When I do get a recommendation from my duaghters, I do my best to move it toward the top of my reading list. Such was the case with Lexicon by Max Barry. The book had been languishing on my reading list for quite some time. My daughter Courtney read it recently, and given how highly she spoke of it, I decided it was time to move it up the queue.
There are times when Amazon’s recommendation engine is off. And when I say off, I’m talking way off. I’d use the phrase ‘out in left field,’ but there are times when it’s not even in the same zip code let alone the same ballpark.
Then there are times when the Amazon recommendation engine is right on the money. It’s like it knows what I’m reading, which, of course, it does. Such was the case when it recommended Impossible Dreams by Tim Pratt. The book checked nearly all of my regular reading boxes – science fiction, new author (for me), and short story. It was a no-brainer to add to my reading list.
The overwhelming majority of my recreational reading is science fiction. I like the way it portends the future and expands my imagination of what’s possible. However, every once in a while I like to explore a title that’s outside of my comfort zone. Such was the case recently with Fat Chance by Nick Spalding.
I enjoyed reading the devotional Jesus Calling by Sarah Young during 2019. It helped me grow stronger in my faith and relationship with Christ. I liked it so much that I wanted to continue reading a devotional during 2020, which turned out to be a good thing given all that’s happened over the past year.
I had noticed during 2019 that my mother was reading the devotional In Moments Like These by Dr. David Jeremiah. She liked it a lot. So much so, that when I told her I wanted to read another devotional in 2020, she bought me a copy. Therefore, my decision on a devotional for 2020 was an easy one.
Looking for books to read this year? Then, do I have a list of recommendations for you. As I’ve done in prior years, this year’s list is broken down into General Recommendations, Personal Development books, Business Reads, and a collection of what I like to call Fun Reads.
Since I did a better job this year of balancing my fiction and non-fiction titles, this year’s recommendations are strong mix of recreational and serious reads. Keep in mind that my tastes lean towards technology and science fiction, so most of the books on the list are from those genres.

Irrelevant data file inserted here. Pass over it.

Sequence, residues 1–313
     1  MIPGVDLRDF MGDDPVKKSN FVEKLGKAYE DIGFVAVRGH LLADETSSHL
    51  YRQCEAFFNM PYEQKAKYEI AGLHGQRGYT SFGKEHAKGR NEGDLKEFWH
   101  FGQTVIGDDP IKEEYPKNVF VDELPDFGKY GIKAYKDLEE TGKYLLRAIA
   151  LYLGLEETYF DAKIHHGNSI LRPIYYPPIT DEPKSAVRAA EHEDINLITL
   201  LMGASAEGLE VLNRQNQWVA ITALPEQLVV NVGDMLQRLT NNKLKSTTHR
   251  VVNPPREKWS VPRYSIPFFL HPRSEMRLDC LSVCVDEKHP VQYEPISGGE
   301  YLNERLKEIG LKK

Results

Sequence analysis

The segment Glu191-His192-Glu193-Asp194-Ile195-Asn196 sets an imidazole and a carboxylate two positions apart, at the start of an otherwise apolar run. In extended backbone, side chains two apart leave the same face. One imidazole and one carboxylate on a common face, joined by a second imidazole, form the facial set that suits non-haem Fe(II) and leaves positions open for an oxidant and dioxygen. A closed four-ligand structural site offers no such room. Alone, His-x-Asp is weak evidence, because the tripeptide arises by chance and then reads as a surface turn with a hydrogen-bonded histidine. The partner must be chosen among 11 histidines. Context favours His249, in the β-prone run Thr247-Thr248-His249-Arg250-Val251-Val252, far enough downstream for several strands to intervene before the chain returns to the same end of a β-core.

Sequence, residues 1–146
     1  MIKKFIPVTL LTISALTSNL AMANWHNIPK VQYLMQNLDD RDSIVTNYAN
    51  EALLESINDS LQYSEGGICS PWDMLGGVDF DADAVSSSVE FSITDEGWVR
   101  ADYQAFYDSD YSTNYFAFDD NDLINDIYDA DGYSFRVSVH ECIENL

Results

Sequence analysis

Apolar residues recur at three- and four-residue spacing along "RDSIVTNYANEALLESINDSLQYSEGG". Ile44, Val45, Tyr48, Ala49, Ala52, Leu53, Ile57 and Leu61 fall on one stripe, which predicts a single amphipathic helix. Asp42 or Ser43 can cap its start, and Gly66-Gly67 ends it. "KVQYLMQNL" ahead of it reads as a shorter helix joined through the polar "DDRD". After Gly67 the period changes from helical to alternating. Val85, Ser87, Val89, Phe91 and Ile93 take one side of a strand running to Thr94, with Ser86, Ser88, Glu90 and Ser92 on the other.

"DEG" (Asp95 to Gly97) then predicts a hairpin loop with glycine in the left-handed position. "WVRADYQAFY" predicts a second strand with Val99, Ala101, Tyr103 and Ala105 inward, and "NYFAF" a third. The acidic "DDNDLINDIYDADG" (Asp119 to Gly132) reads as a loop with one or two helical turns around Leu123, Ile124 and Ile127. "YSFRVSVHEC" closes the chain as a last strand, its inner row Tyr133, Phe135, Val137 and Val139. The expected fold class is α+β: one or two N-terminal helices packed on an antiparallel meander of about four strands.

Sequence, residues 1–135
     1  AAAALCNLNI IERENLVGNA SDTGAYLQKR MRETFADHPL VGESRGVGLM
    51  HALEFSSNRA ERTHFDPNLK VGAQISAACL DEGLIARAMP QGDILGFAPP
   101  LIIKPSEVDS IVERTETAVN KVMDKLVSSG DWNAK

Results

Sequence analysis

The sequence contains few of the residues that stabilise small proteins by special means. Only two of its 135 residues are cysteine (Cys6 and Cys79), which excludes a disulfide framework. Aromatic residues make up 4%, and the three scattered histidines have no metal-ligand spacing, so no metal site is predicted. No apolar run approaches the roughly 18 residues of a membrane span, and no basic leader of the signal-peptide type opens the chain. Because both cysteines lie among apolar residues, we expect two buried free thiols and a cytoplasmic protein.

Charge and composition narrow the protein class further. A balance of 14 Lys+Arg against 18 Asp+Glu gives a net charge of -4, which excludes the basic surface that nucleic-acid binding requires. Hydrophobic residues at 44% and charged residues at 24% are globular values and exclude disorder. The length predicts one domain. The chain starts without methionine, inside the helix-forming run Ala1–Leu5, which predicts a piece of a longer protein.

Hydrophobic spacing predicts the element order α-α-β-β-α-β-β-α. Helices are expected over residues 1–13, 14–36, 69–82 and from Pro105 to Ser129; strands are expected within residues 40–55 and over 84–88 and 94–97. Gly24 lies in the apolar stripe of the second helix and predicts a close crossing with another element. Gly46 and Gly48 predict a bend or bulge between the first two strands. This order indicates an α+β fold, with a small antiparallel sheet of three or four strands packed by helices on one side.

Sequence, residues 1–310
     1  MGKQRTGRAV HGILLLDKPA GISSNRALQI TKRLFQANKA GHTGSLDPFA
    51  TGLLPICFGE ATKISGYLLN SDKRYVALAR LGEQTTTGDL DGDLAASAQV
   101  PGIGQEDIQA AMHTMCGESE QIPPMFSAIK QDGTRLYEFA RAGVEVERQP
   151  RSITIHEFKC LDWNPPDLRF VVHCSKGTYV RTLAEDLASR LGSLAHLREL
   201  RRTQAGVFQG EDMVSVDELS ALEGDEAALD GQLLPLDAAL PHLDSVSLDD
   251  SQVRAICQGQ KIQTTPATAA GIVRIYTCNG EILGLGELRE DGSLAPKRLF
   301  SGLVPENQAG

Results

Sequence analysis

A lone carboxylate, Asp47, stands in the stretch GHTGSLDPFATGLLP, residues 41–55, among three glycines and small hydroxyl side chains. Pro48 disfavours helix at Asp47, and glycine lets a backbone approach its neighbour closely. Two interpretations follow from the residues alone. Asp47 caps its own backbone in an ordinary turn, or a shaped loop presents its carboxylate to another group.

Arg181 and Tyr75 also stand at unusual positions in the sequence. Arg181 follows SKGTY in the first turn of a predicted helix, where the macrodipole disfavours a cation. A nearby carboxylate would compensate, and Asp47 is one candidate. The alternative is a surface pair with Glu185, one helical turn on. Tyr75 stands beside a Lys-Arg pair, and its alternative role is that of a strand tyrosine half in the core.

I read a lot of near-term, hard science fiction. Hard doesn’t mean difficult. Hard means that it’s a realistic view of how technology could evolve in the near future, which is any time within the next 50 years.
A consistent theme in these books revolves around artificial intelligence. Specifically, it’s the threat posed by a runaway, super-intelligent AI that would threaten humanity’s existence. While the stories are fiction, the threat is real. Numerous technologists have warned about it, including Stephen Hawking and Elon Musk.
Another technological threat that doesn’t get as much attention is genetic editing. The technology is more commonly referred to as CRISPR. In simple terms, CRISPR gene editing involves changing the genetic structure of a living organism, humans included. While there are numerous positive uses for genetic editing such as vaccine development, the technology can also be used for nefarious purposes.
In his book Change Agent, author Daniel Suarez explores a near-future where gene editing technologies such as CRISPR are readily available. It raises a myriad of ethical questions. Should people be able to select and determine the personalities and capabilities of their children? What happens when the genetic structure of a person is changed, especially if it happens without their permission or knowledge?
Is it possible that philosophical and behavioral concepts practiced and taught over 2,000 years ago are still valid today?
Let’s consider a modern psychotherapy known as Cognitive Behavior Therapy (CBT). CBT is a treatment that modern psychologists use to help those who struggle with depression and anxiety. Using CBT, people are taught techniques and approaches to change destructive behaviors and thought patterns that trigger negative emotions.
As it turns out, many of these techniques are not new. They stem from ancient philosophical teachings, primarily those of Stoicism. In his book, How to Think Like a Roman Emperor: The Stoic Philosophy of Marcus Aurelius, psychotherapist and trainer Donald Robertson shows how the actions and practices of ancient Stoics, focusing primarily on Roman emperor Marcus Aurelius, are fundamentally similar to the techniques taught through CBT.